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Professional News
Mental Well-Being Key Factor in Surgical Errors
Psychiatric News
Volume 45 Number 2 page 8-8

When surgeons in the United States make a major medical error, it is more likely related to burnout and depression than to the frequency of overnight call or the number of hours worked.

So suggest the results of a survey commissioned by the American College of Surgeons and headed by Tait Shanafelt, M.D., an associate professor of medicine at the Mayo Clinic. Results were published online November 19, 2009, in the Annals of Surgery.

In June 2008 Shanafelt and his colleagues sent the survey via e-mail to some 25,000 members of the American College of Surgeons. A cover letter stated that the purpose of the survey was to better understand the factors that contribute to surgeons' career satisfaction. So that surgeons' responses would not be biased, nothing was said about the specific mission of the survey—to see whether there was any link between surgical errors and burnout or depression.

The survey asked each surgeon to provide demographic information, practice characteristics, whether he or she had made any major medical errors within the previous three months, and if so, why. The survey also included standardized tools to measure the surgeon's mental and physical quality of life and to determine whether he or she was experiencing burnout or depression.

Some 7,900 surgeons, about 32 percent of those receiving the survey, completed and returned it.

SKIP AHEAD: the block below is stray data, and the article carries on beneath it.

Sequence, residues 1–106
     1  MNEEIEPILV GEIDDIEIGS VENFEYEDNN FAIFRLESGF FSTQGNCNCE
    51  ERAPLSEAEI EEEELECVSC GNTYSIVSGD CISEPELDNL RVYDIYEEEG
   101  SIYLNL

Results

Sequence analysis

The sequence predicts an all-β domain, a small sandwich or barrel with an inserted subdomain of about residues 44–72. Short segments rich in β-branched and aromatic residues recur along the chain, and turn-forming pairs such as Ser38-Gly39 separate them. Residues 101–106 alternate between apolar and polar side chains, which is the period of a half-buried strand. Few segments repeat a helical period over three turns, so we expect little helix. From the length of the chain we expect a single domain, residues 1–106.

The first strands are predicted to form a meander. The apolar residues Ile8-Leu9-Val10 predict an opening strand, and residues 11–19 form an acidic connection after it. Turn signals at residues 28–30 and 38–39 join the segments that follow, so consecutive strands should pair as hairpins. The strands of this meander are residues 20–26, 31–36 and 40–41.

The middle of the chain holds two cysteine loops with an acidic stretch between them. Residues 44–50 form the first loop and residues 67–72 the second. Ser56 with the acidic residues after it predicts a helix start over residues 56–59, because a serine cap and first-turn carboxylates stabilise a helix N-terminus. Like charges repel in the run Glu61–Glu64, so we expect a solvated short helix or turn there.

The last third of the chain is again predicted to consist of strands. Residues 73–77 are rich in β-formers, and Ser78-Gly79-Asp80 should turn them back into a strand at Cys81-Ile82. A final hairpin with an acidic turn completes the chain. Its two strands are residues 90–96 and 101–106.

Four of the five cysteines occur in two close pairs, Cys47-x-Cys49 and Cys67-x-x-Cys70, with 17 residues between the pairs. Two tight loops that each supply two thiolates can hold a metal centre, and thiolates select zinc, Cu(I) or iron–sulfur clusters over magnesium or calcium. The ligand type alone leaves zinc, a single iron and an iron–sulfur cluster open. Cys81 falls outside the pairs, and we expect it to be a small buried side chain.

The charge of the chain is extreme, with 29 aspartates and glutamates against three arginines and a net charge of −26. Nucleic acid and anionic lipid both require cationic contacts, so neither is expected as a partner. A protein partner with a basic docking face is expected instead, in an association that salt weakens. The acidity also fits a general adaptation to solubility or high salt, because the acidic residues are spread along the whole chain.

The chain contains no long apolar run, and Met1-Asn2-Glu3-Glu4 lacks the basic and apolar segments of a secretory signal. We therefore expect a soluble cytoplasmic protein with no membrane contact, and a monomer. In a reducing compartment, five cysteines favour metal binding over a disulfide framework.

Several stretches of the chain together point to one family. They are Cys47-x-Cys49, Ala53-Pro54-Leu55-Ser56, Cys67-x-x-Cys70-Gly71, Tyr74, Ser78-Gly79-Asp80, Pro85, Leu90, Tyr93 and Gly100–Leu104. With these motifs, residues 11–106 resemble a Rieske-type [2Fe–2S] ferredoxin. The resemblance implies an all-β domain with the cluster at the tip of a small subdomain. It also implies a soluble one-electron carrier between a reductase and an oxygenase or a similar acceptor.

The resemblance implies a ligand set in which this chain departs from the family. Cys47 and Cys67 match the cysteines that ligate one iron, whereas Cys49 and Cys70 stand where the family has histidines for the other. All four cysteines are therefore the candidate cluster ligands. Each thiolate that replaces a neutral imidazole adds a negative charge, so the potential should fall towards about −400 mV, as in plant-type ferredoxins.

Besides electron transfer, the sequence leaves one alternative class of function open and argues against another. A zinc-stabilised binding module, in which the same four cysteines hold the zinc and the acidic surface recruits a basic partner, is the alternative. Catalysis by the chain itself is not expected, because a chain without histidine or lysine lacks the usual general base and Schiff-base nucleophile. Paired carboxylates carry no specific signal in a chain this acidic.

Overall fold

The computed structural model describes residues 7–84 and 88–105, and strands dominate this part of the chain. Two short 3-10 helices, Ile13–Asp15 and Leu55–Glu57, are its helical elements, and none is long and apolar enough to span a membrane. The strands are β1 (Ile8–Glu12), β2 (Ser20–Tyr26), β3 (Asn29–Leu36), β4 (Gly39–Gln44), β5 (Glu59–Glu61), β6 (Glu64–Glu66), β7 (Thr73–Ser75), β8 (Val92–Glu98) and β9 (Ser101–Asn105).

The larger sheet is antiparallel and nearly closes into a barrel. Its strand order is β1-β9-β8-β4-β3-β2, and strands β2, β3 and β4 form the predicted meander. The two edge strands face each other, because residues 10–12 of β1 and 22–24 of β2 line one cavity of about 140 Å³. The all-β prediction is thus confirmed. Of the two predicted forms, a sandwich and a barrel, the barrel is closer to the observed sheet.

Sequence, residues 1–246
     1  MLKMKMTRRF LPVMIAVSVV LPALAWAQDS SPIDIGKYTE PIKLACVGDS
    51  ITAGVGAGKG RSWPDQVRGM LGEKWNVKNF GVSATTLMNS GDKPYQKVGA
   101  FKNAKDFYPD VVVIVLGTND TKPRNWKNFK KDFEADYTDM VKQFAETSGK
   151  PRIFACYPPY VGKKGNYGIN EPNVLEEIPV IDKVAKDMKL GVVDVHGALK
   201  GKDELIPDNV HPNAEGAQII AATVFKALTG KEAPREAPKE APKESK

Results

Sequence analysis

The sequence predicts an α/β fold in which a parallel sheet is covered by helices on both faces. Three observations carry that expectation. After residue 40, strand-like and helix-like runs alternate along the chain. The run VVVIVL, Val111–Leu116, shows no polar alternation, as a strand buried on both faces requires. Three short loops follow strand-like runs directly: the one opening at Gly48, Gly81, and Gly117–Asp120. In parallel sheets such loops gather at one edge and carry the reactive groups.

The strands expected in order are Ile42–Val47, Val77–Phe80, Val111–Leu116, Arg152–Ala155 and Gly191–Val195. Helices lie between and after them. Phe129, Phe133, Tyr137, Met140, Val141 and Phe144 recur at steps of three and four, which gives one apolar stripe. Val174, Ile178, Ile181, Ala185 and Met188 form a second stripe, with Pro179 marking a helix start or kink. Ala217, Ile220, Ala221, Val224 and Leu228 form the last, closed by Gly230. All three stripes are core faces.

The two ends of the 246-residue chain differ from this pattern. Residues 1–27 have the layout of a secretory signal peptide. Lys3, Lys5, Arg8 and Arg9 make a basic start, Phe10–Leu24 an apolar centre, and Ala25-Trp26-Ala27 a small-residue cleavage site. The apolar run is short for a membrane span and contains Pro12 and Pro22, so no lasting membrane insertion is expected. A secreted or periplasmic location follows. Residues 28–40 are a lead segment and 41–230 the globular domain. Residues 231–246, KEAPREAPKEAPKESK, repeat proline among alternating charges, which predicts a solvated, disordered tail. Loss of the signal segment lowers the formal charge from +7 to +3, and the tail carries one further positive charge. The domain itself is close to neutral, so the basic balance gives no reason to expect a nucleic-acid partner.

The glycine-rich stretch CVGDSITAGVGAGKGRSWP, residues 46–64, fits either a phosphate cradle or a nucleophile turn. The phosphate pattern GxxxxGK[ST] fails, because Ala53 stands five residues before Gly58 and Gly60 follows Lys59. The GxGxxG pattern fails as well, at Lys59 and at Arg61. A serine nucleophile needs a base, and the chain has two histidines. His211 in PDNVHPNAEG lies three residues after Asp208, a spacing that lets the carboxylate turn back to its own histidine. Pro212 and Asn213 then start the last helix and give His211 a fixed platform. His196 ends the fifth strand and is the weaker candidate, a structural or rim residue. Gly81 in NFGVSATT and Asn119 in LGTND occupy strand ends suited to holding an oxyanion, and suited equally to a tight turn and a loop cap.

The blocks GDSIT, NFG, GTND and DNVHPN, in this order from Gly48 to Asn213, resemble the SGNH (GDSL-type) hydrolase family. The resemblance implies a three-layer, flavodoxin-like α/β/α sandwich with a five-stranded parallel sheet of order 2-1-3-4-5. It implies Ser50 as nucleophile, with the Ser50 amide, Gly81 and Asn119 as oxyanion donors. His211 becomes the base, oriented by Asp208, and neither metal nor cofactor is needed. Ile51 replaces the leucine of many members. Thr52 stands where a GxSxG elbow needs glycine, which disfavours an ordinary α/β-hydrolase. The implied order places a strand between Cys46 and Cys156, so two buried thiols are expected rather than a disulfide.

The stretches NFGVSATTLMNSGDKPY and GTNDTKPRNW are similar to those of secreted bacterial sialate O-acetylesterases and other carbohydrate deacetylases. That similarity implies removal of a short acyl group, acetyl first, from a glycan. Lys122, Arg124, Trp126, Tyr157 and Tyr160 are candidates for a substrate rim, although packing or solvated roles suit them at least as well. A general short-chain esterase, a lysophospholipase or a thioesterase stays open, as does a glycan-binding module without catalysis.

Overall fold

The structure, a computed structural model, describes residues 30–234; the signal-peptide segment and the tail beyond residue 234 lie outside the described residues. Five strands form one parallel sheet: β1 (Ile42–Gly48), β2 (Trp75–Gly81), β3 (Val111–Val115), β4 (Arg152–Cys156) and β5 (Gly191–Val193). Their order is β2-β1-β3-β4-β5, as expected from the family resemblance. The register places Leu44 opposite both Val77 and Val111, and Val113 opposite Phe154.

Nine percent of the participating surgeons reported having made a major medical error within the previous three months. General surgeons were most likely to report such errors, while ear surgeons, plastic surgeons, and obstetric/gynecologic surgeons were least likely to do so.

Shanafelt and his coworkers then looked to see whether the errors that these surgeons had made could be linked with the number of nights on call per week, the number of hours worked each week, or with burnout and depression, while taking some possibly confounding personal and professional factors into consideration.

Neither the frequency of overnight call nor the frequency of hours worked was linked with surgical errors. However, burnout and depression were.

Reporting a surgical error during the prior three months had a large, statistically significant adverse relationship with mental quality of life; all three domains of burnout (emotional exhaustion, depersonalization, and personal accomplishment); and symptoms of depression. Each one-point increase in depersonalization was associated with an 11 percent increase in the likelihood of reporting having made an error, while each one-point increase in emotional exhaustion was associated with a 5 percent increase in such likelihood.

Thus, "major medical errors reported by surgeons are strongly related to a surgeon's degree of burnout and their mental quality of life," Shanafelt and his group concluded.

The question, then, is why? Since the survey was of a cross-sectional nature, it did not reveal whether surgeons' burnout and depression contributed to their errors or vice versa. However, previous research that he and his colleagues conducted suggests that it works both ways, Shanafelt told Psychiatric News.

But either way, "studies are needed to determine how to reduce surgeon distress and how to support surgeons when medical errors occur," he and his group pointed out.

In fact, their survey may provide some answers to these two questions, Shanafelt said, since it also explored both use of and barriers to accessing mental health resources by surgeons and how decisions to use those services relate to burnout, depression, and suicidal ideation. Results from this analysis are in press with the Archives of Surgery.

An abstract of "Burnout and Medical Errors Among American Surgeons" is posted at <http://journals.lww.com/annalsofsurgery/abstract/publishahead/burnout_and_medical_errors_among_American>. blacksquare

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